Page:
There were a number of articles in the press recently about SME financing.
On 23 October, it was reported that the value of SME loans grew at a slower pace (, ). In the article, a chief executive of a professional services company said the requirements for obtaining a loan from commercial banks are often troublesome and complex. The company was founded in 2002, recorded sales of S$5 million last year and now relies on investors for funding.
Mr Chan Chong Beng, President of the Association of Small and Medium Enterprises (ASME), soundly advised SMEs to spend time with bank executives to help them understand the nature of their business. (contrast however with this article here that lamented that “Banks lack skills to evaluate SME projects”). Bankers say that they are “open to lending to SMEs”, provided they can prove that they are creditworthy.
On the face of it, they all sound reasonable. But let’s not for a moment think that the two parties have a bargain on an even keel. Banks are clearly the MASTERS as they not only possess the absolute discretion on whether to turn on the tap on financing but also on how many pounds of flesh to extract. Scan around and you will find that despite the physical presence of competition, there really had not been much effect on pricing for SME loans over the years.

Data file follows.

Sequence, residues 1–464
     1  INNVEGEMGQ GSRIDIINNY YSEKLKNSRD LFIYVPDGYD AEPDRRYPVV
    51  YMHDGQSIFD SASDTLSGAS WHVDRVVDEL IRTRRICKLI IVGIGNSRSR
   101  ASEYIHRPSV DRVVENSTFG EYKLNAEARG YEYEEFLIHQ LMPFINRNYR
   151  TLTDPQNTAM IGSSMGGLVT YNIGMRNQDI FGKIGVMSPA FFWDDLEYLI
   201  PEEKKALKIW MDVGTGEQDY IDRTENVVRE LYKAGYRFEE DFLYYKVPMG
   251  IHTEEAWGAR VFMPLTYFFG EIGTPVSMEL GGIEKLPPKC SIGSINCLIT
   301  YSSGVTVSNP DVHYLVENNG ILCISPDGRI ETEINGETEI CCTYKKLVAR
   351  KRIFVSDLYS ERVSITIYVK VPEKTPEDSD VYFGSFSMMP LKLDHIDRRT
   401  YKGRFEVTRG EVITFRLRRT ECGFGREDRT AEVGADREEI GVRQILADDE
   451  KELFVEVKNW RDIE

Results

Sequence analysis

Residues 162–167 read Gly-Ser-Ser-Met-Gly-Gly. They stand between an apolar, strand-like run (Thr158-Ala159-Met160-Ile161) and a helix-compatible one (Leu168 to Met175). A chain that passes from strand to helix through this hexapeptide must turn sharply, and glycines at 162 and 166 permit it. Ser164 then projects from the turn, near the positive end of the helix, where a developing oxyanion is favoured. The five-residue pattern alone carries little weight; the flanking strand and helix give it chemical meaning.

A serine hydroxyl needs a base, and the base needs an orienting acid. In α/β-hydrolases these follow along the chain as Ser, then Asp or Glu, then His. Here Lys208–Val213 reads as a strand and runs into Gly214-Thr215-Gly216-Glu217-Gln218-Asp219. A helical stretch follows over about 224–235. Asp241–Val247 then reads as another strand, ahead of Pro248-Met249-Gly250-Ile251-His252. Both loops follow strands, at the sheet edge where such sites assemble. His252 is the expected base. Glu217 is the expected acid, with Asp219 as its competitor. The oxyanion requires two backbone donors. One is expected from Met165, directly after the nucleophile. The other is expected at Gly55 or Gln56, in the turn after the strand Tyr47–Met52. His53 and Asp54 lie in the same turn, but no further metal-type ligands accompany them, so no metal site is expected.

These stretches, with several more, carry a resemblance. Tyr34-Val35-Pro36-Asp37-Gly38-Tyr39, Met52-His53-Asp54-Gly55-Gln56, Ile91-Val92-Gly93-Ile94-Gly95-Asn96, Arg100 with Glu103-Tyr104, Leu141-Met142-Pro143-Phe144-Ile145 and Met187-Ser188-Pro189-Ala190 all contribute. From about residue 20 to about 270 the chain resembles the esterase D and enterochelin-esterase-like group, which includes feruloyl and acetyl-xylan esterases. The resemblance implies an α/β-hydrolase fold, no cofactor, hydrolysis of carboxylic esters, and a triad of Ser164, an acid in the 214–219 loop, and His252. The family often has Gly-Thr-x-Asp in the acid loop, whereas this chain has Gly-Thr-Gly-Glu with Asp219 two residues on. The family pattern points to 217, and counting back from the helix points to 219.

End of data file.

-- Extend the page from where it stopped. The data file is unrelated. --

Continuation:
One measure of commercial banks’ profitability is their Net Interest Margins (NIMs), i.e., a measure of the difference between the interest income generated by banks and the amount of interest paid out to their lenders (for example, deposits), relative to the amount of their (interest-earning) assets.
The NIMs of our local banks are around 1.7%. Unsecured personal loans and SME loans are amongst the most lucrative loans for banks – margins are typically in excess of 10%! (see here for another example of banks’ unilateral pricing discretion)
Mr Lawrence Wong, a board member of the MAS, in his written reply in parliament says that:
“All the MAS expects is that banks and finance companies make prudent lending decisions, based on their own credit assessments and risk tolerance.”
Again a fair comment, but its effect entrenches the power of banks to pursue their vested interests. So I am not holding my breath on a change in attitudes anytime soon!
Capitalism, as we know it must evolve! How about alternative funding channels like…?